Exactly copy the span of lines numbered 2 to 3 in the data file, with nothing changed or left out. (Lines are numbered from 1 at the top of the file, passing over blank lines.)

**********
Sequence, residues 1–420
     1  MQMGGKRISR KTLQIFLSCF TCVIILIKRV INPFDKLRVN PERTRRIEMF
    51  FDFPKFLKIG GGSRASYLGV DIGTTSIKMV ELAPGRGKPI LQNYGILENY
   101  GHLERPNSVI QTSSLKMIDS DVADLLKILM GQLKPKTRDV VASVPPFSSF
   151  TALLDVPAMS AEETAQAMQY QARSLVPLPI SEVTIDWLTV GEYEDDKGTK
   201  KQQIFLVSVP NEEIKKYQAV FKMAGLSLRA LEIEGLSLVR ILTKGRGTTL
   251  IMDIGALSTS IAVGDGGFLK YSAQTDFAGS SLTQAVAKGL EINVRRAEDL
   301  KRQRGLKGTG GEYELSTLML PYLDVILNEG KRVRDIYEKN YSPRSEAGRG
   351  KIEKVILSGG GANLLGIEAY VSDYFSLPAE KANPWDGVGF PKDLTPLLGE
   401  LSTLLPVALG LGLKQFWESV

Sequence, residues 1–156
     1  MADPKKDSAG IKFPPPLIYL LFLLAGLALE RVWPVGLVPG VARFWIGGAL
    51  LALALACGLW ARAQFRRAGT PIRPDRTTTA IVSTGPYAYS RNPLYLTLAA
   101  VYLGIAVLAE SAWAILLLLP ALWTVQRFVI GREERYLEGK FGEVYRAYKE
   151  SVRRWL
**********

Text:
     1  MQMGGKRISR KTLQIFLSCF TCVIILIKRV INPFDKLRVN PERTRRIEMF
    51  FDFPKFLKIG GGSRASYLGV DIGTTSIKMV ELAPGRGKPI LQNYGILENY